Severable Scrape (or: What to Do if the Individual Mandate is Ruled Unconstitutional…)

March 27th, 2012

I believe that the individual mandate is Constitutional, both on Commerce Clause grounds, and even more clearly based on Congress’s taxing authority. But in view of today’s common wisdom that things don’t look good for the individual mandate and the topic for tomorrow’s oral arguments (severability), here are my suggestions about how to address the individual mandate’s possible elimination consistent with the principles of narrow holding and deference.


Dear Supreme Court:

If it turns out that you to the mandate are Constitutionally opposed,

Please read below what I’ve proposed.


And Congress:

If you’re forced by the Court to correct that supposed Constitutional flaw,

Here are my suggestions on how to rewrite that part of the law.


Supreme Court Justices:

If you do rule the independent mandate unconstitutional, please remember that you don’t need to throw out the whole law. In the interest of limiting the decision to the narrowest possible one and reducing the Court’s intrusion into policy-making, the Court should rule that the mandate is severable from the rest of the law from a Constitutional perspective. That then returns to Congress the power to determine whether the individual mandate is severable from a policy perspective, or whether an alternative to the mandate can be developed. The Court could if it so chooses sketch out the constitutional confines of that alternative. That alternative can then also be challenged if anyone believes it is unconstitutional.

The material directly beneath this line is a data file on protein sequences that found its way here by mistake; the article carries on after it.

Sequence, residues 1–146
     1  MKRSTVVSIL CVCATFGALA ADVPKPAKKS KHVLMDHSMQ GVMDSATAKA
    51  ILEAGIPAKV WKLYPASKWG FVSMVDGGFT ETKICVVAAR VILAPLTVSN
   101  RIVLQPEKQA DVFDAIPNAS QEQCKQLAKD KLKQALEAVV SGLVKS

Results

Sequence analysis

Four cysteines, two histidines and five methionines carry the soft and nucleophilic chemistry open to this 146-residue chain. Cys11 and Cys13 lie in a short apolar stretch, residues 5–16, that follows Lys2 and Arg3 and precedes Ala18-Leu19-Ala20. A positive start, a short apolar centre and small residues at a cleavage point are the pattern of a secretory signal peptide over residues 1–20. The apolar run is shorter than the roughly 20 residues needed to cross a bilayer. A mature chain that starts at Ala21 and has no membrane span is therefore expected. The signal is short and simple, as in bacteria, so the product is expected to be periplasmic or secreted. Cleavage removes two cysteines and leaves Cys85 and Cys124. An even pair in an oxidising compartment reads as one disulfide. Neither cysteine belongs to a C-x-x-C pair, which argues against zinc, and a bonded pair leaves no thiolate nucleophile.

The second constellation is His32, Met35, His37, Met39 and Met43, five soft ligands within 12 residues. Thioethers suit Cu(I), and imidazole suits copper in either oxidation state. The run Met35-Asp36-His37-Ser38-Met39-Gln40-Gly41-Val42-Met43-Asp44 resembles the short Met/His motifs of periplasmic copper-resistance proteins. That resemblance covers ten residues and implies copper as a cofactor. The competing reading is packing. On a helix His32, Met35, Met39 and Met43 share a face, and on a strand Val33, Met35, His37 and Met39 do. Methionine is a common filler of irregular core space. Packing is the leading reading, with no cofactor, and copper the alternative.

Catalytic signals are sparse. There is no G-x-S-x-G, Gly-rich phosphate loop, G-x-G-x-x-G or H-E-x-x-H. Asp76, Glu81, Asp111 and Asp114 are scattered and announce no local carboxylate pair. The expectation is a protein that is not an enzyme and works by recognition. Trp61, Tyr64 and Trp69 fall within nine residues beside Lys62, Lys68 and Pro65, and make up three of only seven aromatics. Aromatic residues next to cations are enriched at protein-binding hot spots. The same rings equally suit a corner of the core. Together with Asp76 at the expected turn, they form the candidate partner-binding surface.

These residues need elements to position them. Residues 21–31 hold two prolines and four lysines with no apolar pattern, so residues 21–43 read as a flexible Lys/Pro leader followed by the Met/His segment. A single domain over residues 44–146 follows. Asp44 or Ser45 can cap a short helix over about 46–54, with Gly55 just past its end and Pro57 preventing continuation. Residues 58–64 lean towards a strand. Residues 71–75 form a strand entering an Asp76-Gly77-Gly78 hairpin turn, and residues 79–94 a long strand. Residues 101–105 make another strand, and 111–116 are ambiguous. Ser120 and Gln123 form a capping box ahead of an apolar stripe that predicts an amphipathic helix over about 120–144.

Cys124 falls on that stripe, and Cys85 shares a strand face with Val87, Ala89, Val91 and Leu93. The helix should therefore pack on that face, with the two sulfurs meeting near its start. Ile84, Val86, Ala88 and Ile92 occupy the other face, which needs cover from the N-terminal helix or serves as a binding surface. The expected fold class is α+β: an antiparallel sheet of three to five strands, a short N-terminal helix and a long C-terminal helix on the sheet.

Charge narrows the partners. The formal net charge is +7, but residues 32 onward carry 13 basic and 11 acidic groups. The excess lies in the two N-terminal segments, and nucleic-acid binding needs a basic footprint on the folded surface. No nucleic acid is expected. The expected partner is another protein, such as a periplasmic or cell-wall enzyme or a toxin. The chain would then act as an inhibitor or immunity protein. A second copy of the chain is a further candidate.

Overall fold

And Congress:

What are the options for rewriting the individual mandate, if it becomes necessary to do so?

1) Allow and promote an HSA/bond option for people without health insurance (read Don’t Hate the Mandate for more about that).

2) Make federal funding available thru states and contingent either on adoption of state mandates, or a targeted percentage of insurance coverage which demonstrates that a mandate isn’t necessary.

3) Replace the mandate with a revenue-raising tax more closely linked in the legislative history with the costs which the federal government incurs due to uncompensated care.

4) Allow the current system to continue whereby hospitals must provide uncompensated care, and insurance companies (and hence the rest of us through higher premiums) must subsidize the uninsured.

5) Change the mandate requirement altogether as suggested by one of the Justices today to require that an uninsured person obtain insurance coverage in the Emergency Room (or assumedly pay for the care directly). The individual could then be required to sign a minimum-term contract (e.g., at least a one-year) and possibly even pay for missing past coverage retroactively (possibly in the form of a 50% late payment penalty), which would in full or part eliminate the adverse selection issue.

6) Finally (and my favorite), reconstitute the Public Option/Medicare for All (the latter would be preferable), and instead of an individual mandate to purchase a private sector insurance policy, levy a tax that covers that individual’s Medicare policy. That is unquestionably constitutional, just as the Medicare tax is. As opposed to the individual mandate, it would not require purchase of a product, and would provide the recipient with the additional benefit pf receiving coverage for his or her tax penalty. This would also benefit the Medicare program by bringing in a pool or new younger members to spread and reduce costs, and would benefit the healthcare system as a whole by providing a price floor that would incentvize private insurance companies to keep costs down.


Leave a comment below, email, or Tweetme to let me know what you think.  

And here’s a montage of the inspiration for our title, Professor Severus Snape.


“There will be no foolish sign-waving or silly incantations in this Court. As such, I don’t expect many of you to appreciate the subtle science and exact art that is oral argument.” – Justice Severus Snape (paraphrased)


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